Many of our crew members are quite ill with fever, but like real troopers they’re carrying on with the show. A number of them wouldn't mind participating in the walking events, called parikrama,but they see the need to reserve time for this valuable service, the service of ‘enterlightenment’. https://www.instagram.com/p/BusClNfAYIX/?utm_source=ig_share_sheet&igshid=vhwl8jadjx5m
Appreciations have been pouring in or just vocalized to actors and myself as we walk around the campus. "We love it." "You're outdoing yourself." "The best!" are common remarks about "The Queen's Secret."
We filled the house again, the Samadhi auditorium, and received, once again, a standing ovation. I was delighted to see that at least five of our senior monks attended. Devamrta Swami, who hails from New York said, "It was part of life in New York to go to the theatre on a regular basis. We need this kind of thing in our society." He was implying that with the hustle and bustle of life, entertainment was like an exhalation, that seeing something on broadway gave colour. "It was a lifestyle." https://www.instagram.com/p/Bu05vNigPMr/?utm_source=ig_share_sheet&igshid=9fvb0p2nypcd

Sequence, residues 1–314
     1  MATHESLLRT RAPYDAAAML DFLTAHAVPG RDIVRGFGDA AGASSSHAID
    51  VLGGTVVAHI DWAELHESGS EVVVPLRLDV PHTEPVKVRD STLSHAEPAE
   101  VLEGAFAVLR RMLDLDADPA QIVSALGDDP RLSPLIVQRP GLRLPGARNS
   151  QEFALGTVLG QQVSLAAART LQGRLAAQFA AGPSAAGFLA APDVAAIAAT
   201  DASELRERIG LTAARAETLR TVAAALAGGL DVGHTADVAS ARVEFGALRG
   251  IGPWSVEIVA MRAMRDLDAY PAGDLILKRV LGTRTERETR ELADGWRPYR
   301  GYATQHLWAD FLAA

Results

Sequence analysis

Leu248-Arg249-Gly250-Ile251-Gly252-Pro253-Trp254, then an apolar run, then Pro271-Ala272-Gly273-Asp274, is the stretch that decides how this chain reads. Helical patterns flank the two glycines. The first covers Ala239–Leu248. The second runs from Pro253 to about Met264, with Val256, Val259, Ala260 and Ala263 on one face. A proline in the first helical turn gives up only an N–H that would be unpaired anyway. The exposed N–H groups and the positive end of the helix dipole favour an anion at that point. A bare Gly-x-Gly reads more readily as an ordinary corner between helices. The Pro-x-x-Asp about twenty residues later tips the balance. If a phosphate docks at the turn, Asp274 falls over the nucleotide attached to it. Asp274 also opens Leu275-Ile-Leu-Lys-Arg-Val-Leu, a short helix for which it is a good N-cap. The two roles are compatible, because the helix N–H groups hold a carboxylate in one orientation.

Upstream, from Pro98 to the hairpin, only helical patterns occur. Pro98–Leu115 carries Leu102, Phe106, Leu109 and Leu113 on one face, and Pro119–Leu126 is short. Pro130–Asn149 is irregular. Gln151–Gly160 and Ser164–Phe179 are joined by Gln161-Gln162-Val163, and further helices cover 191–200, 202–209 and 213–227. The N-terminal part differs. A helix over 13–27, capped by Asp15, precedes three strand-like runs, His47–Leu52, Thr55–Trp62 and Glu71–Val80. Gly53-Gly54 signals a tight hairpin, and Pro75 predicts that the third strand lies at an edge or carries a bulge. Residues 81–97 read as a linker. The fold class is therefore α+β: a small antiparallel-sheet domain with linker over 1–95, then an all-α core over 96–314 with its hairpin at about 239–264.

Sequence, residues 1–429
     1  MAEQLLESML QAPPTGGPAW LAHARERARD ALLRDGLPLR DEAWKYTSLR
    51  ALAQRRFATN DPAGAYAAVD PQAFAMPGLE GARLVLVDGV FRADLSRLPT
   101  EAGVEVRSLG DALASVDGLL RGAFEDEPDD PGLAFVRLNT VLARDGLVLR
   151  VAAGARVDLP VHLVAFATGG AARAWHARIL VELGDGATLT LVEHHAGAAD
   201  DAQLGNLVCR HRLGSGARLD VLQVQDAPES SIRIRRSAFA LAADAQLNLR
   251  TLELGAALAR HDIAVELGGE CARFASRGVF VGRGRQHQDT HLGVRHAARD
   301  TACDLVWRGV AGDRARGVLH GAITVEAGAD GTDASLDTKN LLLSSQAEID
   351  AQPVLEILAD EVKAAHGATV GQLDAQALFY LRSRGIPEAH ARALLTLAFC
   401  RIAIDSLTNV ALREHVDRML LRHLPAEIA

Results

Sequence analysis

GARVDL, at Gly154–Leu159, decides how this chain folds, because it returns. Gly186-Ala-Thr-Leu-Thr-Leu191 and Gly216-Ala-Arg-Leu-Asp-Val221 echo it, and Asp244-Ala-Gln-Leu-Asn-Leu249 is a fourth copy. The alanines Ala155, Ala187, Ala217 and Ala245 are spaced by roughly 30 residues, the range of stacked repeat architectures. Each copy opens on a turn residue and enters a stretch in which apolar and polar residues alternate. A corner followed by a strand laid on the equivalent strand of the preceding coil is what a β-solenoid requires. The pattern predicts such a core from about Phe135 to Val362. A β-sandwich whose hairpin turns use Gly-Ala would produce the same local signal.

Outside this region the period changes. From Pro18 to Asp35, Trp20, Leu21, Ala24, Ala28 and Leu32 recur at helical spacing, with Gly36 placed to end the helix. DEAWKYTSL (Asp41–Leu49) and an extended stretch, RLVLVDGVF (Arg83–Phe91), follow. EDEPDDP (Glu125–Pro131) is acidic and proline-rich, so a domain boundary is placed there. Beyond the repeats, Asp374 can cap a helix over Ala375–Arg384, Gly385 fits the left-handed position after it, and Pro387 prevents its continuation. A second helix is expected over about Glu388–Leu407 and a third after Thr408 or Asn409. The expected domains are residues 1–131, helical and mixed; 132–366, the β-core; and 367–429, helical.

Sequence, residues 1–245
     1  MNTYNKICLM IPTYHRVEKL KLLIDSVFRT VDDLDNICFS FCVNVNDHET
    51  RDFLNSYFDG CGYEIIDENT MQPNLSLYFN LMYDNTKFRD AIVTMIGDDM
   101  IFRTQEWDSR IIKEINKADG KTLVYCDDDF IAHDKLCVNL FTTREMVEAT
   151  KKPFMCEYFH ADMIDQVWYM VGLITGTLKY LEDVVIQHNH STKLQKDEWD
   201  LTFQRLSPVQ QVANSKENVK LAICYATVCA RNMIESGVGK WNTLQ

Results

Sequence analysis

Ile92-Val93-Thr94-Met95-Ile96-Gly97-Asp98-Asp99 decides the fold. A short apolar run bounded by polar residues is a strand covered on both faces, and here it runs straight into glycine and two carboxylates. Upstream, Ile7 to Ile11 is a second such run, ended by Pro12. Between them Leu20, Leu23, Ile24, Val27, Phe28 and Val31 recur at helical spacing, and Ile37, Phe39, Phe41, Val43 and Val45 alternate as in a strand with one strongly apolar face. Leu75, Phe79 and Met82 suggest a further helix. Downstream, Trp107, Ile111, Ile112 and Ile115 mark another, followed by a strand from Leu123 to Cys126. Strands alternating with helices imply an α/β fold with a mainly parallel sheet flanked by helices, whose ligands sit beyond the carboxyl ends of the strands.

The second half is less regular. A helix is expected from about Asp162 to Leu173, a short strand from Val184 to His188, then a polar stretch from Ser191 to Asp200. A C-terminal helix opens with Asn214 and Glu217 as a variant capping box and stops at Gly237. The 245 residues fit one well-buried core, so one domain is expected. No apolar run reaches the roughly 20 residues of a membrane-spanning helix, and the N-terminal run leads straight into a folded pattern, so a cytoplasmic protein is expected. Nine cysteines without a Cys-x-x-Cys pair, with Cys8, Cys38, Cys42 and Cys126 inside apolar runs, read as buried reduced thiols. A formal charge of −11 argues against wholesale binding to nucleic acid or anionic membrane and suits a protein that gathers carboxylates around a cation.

Such encouraging words.
In the meantime, pilgrims come and go to this sacred sight. They come for darshan (deity viewing). They enter the temple and offer prostrate obeisance as a gesture of humility. People come to Mayapura from many different countries. They are wise to do so; some are on foot from afar or if not, on foot when they arrive. There's lots to see and do. Most remarkable is to see no one smoking, drinking or gambling. Pick-pocketing does go on, so we are told, but all the hearing and all the chanting make all nefarious dealings so minor.
May the Source be with you!